Tom Davenport of the Harvard Business Review has a wonderful post about the suggestion (inferred from a couple of recent studies)  that the content of social media is trivial at best. In another excellent post he speculates about the contribution (or in fact, the lack) of  Social Media to the decline of our civilization. The reality is, and arguing against it based on solid facts would be difficult to do, that it is hard (if not plain impossible) to gain much from the clutter of information (and mis-information) stored in the millions of Twitter messages floating in cyberspace. Anyone trying to convince you otherwise ought to provide hard, objective and measurable evidence to substantiate their claims.

Did I mention already that as far as I’m concerned Social Networking is not positively contributing to proper Project communication?

Have a great week.

John Reiling writes about the importance of nurturing unseen relationships. He’s got a valid point. As a project manager your #1 challenge is maintaining relationship and your #1 tool for achieving it is effective communication. I’ve argued previously that as 90% of the project manager’s work requires communication of some sort, improved communication will have substantial impact on the overall project’s chances of success.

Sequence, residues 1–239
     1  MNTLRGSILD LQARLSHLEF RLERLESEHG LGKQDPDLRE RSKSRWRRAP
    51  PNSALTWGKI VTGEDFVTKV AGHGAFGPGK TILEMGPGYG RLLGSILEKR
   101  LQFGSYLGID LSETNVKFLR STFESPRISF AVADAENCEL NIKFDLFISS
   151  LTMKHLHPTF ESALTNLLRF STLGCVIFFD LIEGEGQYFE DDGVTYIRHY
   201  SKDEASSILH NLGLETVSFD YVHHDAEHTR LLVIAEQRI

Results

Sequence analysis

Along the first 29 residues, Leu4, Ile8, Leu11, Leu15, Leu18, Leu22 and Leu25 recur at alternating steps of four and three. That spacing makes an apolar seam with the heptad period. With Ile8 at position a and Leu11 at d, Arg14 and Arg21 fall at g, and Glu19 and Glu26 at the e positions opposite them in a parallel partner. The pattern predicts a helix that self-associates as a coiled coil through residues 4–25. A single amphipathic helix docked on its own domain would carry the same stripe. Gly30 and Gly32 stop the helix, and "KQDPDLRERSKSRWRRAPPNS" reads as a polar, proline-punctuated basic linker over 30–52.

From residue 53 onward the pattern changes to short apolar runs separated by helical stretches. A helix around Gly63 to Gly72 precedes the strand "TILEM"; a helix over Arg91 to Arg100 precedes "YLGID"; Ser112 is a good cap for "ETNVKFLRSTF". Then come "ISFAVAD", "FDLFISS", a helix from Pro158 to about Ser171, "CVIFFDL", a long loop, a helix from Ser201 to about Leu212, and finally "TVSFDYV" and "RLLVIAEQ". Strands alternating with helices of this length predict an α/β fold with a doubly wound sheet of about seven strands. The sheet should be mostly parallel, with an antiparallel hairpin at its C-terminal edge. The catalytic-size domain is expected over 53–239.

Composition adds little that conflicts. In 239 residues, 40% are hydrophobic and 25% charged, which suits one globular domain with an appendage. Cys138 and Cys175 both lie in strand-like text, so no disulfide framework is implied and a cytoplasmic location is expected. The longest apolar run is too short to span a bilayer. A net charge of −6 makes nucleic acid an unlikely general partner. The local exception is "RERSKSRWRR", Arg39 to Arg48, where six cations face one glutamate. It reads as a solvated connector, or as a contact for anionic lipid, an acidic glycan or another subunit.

Scientific American has recently published an article where it brought together a number of scientists to explore the intellectual and cultural walls that have fallen (since the fall of the Berlin Wall) and those that remain to come down. One of the scientists quoted in the article, Muhammad Yunus, talked about the “falling walls of poverty.” The premise of his work is to engage large corporation with the aim of convincing them to create a business model that is not necessarily profit based but rather based on a social and environmental contribution – a fascinating concept.

I wonder whether or not this concept can also be applied to project management. Can a project manager be judged not only by his/her ability to deliver the ‘profit’ based results (i.e. those objectives determined by a business case which have a $ value behind them) but also on the contribution that the project makes to the well being and long term aspirations of the people involved with the project.

Imaginary idea? I think not!